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Biodegradation of Fat, Oil, and Grease (FOG) in Wet Wells Open Access


Other title
influencing factors
commercial product
Type of item
Degree grantor
University of Alberta
Author or creator
Fan, Gaoteng
Supervisor and department
Liu, Yang (Civil and Environmental Engineering)
Examining committee member and department
Liu, Yang (Civil and Environmental Engineering)
Li, Huazhou (Petroleum Engineering)
Ulrich, Ania(Civil and Environmental Engineering)
Department of Civil and Environmental Engineering
Environmental Engineering
Date accepted
Graduation date
Master of Science
Degree level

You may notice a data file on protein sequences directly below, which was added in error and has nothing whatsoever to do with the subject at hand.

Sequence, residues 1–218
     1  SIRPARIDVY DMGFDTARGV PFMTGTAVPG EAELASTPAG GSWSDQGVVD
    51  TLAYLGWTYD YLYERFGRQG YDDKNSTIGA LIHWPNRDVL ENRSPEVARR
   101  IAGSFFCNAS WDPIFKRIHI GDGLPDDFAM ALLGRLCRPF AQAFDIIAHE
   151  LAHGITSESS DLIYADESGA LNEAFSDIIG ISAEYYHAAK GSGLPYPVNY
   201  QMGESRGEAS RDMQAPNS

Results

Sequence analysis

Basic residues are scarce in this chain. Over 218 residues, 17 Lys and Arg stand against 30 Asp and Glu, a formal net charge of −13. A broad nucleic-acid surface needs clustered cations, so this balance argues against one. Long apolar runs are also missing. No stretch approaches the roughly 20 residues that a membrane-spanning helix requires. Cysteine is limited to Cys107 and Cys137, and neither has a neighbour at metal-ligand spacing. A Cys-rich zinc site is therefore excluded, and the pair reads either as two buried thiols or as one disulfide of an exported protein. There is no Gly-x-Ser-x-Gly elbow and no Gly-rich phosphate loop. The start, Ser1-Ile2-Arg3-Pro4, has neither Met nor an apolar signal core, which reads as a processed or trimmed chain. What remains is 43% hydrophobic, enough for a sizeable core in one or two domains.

Fat, oil, and grease (FOG) in wastewater can cause foul odor, sewer line blockage, and may interfere with sewage treatment. FOG control is approached with physical, chemical, and biological methods Many cities, including Edmonton, Alberta, Canada, have effectively applied commercial biological products to control FOG. Analysis of samples collected from wet wells in Edmonton was undertaken to examine the factors that influence the FOG control performance of commercial biological products. Field sampling showed a seasonal variation of FOG and COD concentrations indicating that the higher temperature in the summer-autumn term compared to the winter-spring term benefited FOG removal. The lowest FOG concentration (49.3 mg/L) was observed when the products were applied with a mixer on in summer-autumn term, which suggests the importance of oxygen and thorough mixing. Based on the results of wet well sample analyses, bench-scale experiments investigated the impacts on FOG removal of product dosage, initial COD, and temperature. Addition of 1000 times the recommended dosage of the commercial products increased FOG removal from 35.5% (achieved at the recommended dosage) to 41.1% in 14 days with an initial COD of 600 mg/L in 14 days. FOG removal increased from 29.8% to 48.0% with an increase in temperature from 15 °C to 32 °C. Suggestions to improve FOG control with commercial biological product application are proposed.
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